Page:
"He was wearing all cotton, which is the worst fabric for cold, wet weather. The weather just got the best of him," reads an official statement by Alaska State Troopers about the death of a hiker there in 2005. This is how and why cotton can kill you.
The Mayo Clinic definition reads: "Hypothermia is a medical emergency that occurs when your body loses heat faster than it can produce heat, causing a dangerously low body temperature. Normal body temperature is around 98.6 F (37 C). Hypothermia (hi-poe-THUR-me-uh) occurs as your body temperature passes below 95 F (35 C)."
Over 1,500 people in the US die from hypothermia each year. It causes a variety of things in your body to stop working, but the most important seems to be your heart. It will stop if your core temperature drops too low.
So you only have to worry about it in sub-freezing temperatures right? Wrong. While cold conditions will effect us all differently depending on our general health, physical fitness and other factors like genetics, hypothermia can be experienced in surprisingly warm weather. For instance, the Mayo Clinic warns that elderly persons may be subject to hypothermia, "…in an air-conditioned home."
Hikers are more likely to die of hypothermia in the spring, summer and fall than they are in the winter; during those months the odds that they'll be caught unprepared are simply higher.
And, the Mayo Clinic also specifically cautions against wearing cotton, saying, "Wool, silk or polypropylene inner layers hold body heat better than cotton does."
Cotton And Water
Cotton garments can absorb up to 27 times their weight in water, something which means they a) take forever to dry out and b) actively work to cool your body in even moderate temperatures.
And you can get cotton wet without exposing it to rain or submersion. Sweat heavily in it and it will soak up that sweat and hang onto it, which can lead to any of the problems described in this article as easily as falling into a lake will.
Why is cotton so absorbent? According to the Appalachian Mountain Club:
"A cotton fiber is like a tiny tube formed of six different concentric layers. As individual cotton fibers grow on the plant, the inside of the 'tube' is filled with living cells. Once the fiber matures and the cotton boll opens up to reveal its puffy white contents, these cells dry up and the fiber partially collapses, leaving behind a hollow bean-shaped canal, or 'lumen'. This empty space holds lots of water."
"Processed cotton fibers are 99 percent cellulose. Cellulose is a polymer composed of a long chain of connected glucose molecules that each contains three hyrodoxol groups with slight negative charges. Water, as you may remember from high school chemistry, has a slightly positive charge (the oxygen atom draws in the two hydrogen atoms' electrons). The upshot is that water molecules are attracted to—and bond with (via hydrogen bonds)—the zillions of hydroxol groups in cotton. This, coupled with the vast amount of space contained within and between the fibers, provides cotton with its tremendous water-absorbing properties."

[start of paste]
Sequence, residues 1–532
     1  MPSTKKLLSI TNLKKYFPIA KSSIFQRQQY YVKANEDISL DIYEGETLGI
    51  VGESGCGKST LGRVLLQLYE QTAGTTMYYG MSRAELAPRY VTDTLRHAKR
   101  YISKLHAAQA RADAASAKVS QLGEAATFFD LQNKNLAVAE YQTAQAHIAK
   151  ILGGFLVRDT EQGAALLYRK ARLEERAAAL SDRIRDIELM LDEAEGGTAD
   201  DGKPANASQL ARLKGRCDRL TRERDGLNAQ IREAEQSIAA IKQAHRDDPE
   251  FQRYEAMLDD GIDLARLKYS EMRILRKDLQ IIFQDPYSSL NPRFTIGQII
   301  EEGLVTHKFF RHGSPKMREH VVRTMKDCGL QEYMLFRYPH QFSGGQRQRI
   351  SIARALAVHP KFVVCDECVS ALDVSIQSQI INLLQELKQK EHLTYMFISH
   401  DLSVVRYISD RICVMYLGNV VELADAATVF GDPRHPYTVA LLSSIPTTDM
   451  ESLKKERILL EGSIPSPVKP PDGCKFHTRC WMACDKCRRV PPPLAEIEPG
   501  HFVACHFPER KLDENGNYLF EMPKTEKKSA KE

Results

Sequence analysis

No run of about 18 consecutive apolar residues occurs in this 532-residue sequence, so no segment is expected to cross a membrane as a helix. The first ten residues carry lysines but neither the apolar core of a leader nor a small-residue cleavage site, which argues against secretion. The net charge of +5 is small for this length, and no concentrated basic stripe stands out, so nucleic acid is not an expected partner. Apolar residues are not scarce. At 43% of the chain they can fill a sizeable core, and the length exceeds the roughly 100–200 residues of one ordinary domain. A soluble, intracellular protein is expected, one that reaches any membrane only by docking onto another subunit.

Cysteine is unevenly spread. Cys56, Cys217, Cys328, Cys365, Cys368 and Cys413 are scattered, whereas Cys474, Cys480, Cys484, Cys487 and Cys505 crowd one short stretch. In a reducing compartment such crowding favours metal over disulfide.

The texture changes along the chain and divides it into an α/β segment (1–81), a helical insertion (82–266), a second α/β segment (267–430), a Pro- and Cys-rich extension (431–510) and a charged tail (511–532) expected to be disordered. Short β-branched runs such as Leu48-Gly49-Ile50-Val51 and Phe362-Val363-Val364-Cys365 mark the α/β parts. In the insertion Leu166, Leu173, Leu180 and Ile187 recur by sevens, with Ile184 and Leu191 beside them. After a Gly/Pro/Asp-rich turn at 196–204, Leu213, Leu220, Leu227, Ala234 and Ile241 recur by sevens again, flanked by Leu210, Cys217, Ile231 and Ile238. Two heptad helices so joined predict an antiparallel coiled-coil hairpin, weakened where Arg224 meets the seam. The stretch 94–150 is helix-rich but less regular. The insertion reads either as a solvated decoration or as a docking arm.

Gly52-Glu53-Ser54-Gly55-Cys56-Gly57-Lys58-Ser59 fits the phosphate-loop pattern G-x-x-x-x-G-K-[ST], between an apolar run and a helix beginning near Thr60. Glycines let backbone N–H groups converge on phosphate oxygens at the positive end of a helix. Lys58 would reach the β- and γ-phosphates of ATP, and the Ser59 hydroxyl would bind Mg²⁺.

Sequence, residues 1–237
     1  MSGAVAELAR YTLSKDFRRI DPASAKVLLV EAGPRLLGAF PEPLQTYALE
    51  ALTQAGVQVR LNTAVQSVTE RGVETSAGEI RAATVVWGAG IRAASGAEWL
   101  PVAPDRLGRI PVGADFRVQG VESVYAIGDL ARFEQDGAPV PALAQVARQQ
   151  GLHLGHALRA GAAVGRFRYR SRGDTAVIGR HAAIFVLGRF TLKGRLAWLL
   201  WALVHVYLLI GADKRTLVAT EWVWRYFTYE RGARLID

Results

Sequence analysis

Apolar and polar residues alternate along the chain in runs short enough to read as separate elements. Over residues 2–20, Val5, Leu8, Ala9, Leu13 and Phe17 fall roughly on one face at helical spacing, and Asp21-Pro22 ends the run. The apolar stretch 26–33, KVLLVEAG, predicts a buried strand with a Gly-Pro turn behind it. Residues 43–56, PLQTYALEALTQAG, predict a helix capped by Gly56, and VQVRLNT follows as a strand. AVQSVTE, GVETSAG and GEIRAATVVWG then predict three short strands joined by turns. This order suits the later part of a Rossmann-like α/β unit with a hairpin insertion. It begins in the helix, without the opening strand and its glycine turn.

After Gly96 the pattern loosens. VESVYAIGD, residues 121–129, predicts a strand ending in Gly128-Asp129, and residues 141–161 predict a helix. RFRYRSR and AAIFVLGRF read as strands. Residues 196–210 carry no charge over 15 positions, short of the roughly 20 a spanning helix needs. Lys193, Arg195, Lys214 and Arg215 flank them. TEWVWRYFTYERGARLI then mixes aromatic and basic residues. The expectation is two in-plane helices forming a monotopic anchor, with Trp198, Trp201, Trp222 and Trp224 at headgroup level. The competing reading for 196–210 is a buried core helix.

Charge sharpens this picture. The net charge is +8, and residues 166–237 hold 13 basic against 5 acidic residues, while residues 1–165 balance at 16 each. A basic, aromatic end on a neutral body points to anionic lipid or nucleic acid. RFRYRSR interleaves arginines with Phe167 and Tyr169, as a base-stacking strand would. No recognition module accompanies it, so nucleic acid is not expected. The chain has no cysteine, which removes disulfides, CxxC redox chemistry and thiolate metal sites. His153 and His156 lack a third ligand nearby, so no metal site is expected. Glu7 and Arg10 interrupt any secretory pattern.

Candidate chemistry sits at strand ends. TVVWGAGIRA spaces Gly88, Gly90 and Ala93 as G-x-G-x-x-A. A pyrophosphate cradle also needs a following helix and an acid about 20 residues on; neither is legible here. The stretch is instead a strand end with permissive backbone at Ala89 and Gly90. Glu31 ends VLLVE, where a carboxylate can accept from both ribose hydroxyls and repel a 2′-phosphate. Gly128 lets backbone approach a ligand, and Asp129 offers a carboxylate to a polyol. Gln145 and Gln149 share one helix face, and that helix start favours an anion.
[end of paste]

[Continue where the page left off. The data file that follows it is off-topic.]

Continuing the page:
Cotton traps water inside its fibers, which is why it takes so long to dry out.
Why Being Wet Is A Problem
According to the United States Search and Rescue Task Force, "Water conducts heat away from the body 25 times faster than air because it has a greater density (therefore a greater heat capacity). Stay dry = stay alive!"
Getting wet and staying wet, even in above-freezing temperatures can rapidly cool your body as a result.
And, by filling up with water, an insulating cotton garment such as a hoody loses the trapped air space that made it warm when it was dry. This exposes you more significantly to simple radiant heat loss, where the shear difference in temperature between your body and the environment causes you to get colder.
You'll also be more subject to evaporative heat loss as water slowly leaves the cotton garment, something exacerbated by wind chill.
All together, getting wet and staying wet outdoors is simply a recipe for disaster.
How Other Fabrics Keep You Warm When They're Wet
Wool: The outer layer of each wool fiber is a filmy skin called an epicuticle. This coating repels water drops, preventing them from soaking through the fibers. Due to the fuzzy nature of wool fabrics, rain droplets are less likely to break up, instead beading on the surface and running off. When water is in vapor form from humidity or sweat, it can pass through the epicuticle and be absorbed into the wool fiber; each fiber can absorb up to 37 percent of its weight without feeling wet, pulling water vapor away from your body and spreading it across a larger surface area so it can evaporate. And finally, the "crimp" or kinkiness of the wool fibers also builds dead air space into any wool garment, providing insulation even when wet.